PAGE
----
My increasingly expensive obsession with Amazon’s Mechanical Turk, also known as the most pointlessly fascinating experiment I’ve attempted all year.

I recently watched a TED talk given by Aaron Koblin entitled “Visualizing Our Humanity” which he opened with this quote:

“So, I believe that data can actually make us more human.”

 And I think he is right… along with his TED talk inspiring me to actually GO DO SOMETHING. TRY something. TEST something. LEARN something.

So I did. What resulted, beyond the fascinating things I learned, was a surprisingly inspiring global micro-work of art:

I have @markmcspadden to thank for opening my eyes as to why we should all have a healthy obsession with big data and applied mathematics… and I’m today passing the 2 year mark on my fascination with the concept he also introduced me to of a distributed workforce generating massive volumes of potentially meaningful data.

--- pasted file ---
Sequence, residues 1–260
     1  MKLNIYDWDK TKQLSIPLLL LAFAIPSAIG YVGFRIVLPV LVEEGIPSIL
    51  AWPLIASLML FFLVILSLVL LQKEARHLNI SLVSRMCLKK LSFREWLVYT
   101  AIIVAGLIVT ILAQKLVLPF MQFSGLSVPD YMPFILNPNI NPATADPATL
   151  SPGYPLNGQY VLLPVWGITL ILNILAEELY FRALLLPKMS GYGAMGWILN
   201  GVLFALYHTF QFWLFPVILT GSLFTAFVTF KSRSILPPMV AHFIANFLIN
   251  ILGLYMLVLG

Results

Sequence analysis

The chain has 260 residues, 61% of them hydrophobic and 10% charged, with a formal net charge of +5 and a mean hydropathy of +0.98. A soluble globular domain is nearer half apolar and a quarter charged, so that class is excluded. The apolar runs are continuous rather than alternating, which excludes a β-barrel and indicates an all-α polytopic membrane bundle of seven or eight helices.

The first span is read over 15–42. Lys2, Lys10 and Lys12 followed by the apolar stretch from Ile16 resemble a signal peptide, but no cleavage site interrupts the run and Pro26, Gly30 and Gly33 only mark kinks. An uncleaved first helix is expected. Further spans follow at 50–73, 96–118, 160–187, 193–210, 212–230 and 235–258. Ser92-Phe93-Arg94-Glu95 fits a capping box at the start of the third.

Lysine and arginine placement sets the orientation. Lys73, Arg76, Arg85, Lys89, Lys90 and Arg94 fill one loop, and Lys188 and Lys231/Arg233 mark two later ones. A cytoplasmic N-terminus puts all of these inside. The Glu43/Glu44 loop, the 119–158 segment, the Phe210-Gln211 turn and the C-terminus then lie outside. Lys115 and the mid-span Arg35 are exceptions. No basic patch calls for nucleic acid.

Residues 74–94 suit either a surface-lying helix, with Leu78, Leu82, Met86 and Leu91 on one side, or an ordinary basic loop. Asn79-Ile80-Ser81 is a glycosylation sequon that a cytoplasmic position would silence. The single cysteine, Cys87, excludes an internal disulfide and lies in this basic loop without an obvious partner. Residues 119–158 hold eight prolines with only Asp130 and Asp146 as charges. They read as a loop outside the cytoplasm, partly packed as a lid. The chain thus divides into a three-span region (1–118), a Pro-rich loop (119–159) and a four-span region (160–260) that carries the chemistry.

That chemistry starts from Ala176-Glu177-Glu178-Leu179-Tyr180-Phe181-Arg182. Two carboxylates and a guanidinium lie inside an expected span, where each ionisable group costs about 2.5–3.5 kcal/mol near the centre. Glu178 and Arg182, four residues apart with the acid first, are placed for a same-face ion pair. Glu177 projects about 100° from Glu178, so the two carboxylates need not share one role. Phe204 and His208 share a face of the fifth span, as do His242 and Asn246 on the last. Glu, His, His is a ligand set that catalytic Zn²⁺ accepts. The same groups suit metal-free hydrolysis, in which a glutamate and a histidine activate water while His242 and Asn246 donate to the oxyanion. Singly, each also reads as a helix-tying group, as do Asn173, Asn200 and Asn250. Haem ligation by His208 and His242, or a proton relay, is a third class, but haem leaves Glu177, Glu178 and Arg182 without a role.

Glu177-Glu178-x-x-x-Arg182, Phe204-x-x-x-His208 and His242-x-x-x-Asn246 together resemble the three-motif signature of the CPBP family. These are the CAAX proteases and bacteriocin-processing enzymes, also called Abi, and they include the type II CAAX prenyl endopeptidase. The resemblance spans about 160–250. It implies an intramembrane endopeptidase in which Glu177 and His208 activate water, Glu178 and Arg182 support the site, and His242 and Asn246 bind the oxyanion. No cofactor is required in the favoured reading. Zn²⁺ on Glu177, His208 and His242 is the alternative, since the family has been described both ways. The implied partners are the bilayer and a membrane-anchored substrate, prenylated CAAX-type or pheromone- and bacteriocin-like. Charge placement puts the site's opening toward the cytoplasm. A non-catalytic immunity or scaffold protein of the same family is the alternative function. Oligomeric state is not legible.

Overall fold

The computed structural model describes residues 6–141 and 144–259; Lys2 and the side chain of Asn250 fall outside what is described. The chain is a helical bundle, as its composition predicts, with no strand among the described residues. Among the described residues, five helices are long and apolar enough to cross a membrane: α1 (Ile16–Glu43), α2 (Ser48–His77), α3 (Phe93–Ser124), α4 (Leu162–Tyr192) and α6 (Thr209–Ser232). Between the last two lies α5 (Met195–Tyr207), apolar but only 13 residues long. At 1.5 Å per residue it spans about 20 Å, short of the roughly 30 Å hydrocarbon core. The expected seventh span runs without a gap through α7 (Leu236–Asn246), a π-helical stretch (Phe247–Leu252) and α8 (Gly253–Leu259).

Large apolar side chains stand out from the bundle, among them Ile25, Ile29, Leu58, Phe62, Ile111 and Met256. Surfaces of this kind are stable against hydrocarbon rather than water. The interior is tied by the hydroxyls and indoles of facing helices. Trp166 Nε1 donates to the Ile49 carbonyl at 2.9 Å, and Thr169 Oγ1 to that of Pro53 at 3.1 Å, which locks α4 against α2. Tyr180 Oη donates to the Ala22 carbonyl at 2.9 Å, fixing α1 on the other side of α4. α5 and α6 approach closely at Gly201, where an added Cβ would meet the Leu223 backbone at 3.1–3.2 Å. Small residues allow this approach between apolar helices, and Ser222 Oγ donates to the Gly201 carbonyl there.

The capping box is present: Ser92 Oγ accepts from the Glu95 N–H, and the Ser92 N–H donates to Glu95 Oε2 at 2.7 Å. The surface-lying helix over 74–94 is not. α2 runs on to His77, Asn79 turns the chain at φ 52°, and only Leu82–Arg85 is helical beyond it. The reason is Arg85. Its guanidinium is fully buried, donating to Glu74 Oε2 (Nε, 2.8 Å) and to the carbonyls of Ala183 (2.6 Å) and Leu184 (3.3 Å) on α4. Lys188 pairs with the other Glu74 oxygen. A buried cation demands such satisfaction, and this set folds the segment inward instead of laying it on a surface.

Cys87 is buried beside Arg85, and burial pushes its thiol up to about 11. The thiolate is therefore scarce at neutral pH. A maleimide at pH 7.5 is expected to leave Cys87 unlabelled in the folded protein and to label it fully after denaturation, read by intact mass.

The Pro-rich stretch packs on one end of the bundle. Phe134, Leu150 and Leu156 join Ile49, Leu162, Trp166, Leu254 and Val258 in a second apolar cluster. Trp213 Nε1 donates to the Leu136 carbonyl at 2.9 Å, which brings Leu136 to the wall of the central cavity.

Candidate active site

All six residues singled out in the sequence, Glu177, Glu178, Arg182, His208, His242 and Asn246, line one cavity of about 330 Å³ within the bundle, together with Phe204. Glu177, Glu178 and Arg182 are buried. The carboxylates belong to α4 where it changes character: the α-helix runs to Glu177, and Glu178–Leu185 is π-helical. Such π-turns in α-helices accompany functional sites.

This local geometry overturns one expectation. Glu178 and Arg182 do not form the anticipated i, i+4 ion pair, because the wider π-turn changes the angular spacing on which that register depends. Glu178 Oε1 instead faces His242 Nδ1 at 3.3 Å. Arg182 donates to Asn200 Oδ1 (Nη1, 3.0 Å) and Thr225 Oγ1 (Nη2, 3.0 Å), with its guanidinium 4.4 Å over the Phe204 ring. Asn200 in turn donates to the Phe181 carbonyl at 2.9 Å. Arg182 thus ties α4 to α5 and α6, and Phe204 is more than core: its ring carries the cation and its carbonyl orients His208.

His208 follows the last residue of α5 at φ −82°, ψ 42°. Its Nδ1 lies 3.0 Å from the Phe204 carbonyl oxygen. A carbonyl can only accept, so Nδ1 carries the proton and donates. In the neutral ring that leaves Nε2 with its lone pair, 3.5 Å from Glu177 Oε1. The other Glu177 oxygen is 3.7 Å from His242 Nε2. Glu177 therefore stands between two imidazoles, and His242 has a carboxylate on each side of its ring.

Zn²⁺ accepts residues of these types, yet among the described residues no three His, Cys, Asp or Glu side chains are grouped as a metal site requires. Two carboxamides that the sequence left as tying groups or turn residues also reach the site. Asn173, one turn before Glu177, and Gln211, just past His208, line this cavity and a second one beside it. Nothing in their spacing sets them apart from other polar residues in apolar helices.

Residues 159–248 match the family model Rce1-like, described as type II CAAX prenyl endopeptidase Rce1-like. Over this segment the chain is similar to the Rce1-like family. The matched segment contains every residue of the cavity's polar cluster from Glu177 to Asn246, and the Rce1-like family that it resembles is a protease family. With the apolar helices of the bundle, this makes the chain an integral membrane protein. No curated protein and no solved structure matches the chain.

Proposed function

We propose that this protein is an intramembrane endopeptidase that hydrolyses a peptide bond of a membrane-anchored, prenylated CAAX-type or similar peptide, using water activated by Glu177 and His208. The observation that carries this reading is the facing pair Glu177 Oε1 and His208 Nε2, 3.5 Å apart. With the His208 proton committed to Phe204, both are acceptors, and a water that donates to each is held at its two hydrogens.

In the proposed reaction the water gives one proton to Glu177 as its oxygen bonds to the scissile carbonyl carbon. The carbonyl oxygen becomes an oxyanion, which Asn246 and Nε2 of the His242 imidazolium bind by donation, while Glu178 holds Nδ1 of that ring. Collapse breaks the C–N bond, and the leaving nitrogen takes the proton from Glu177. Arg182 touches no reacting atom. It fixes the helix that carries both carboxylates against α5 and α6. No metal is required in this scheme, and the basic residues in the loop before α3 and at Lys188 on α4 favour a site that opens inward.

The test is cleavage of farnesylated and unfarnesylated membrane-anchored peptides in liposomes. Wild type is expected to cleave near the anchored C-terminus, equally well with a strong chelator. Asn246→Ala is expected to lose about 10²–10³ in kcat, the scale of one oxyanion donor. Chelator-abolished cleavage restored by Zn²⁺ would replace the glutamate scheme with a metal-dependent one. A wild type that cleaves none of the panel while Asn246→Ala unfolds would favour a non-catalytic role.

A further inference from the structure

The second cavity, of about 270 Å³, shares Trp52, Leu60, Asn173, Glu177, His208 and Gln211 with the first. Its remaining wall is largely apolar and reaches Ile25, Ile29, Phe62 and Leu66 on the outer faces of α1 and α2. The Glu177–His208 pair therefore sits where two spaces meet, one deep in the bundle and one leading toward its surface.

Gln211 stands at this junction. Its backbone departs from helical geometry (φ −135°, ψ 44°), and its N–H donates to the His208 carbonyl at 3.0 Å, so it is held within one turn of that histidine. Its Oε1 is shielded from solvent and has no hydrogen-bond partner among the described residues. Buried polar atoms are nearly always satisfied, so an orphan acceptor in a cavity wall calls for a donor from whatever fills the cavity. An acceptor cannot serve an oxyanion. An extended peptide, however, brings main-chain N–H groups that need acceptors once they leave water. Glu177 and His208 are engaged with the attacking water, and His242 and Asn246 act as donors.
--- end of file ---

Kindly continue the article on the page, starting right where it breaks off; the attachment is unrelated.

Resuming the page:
It makes my geeky mouth water. 🙂

And it was why the experiments Aaron shared piqued my interest in a big way, including his desire to explore what it means for humans to begin to perform micro-tasks with no context to inform their work about what the bigger “thing” is that they are working on. 

He asked people to draw sheep – I decided to ask them to draw a world map from memory. 

Part of what he learned, and that I counted on in my experiment, was that it’s not about the scientific exercise of drawing sheep or a map… but actually about each person’s interpretation of the task.

And that’s what made this cold scientific exercise a thing of random beauty.

Keko keeper of the nerdy data geek stuck in the body of a non-technical strategist + marketer.


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